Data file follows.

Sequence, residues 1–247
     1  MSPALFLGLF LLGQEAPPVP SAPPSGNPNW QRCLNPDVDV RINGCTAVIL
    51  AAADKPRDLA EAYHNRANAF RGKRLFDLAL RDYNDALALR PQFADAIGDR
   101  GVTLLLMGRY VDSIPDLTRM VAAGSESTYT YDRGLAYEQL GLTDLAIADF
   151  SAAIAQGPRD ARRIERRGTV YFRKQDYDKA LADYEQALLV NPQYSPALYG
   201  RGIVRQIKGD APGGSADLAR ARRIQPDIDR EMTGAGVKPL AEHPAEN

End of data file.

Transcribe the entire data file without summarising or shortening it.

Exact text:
Sequence, residues 1–247
     1  MSPALFLGLF LLGQEAPPVP SAPPSGNPNW QRCLNPDVDV RINGCTAVIL
    51  AAADKPRDLA EAYHNRANAF RGKRLFDLAL RDYNDALALR PQFADAIGDR
   101  GVTLLLMGRY VDSIPDLTRM VAAGSESTYT YDRGLAYEQL GLTDLAIADF
   151  SAAIAQGPRD ARRIERRGTV YFRKQDYDKA LADYEQALLV NPQYSPALYG
   201  RGIVRQIKGD APGGSADLAR ARRIQPDIDR EMTGAGVKPL AEHPAEN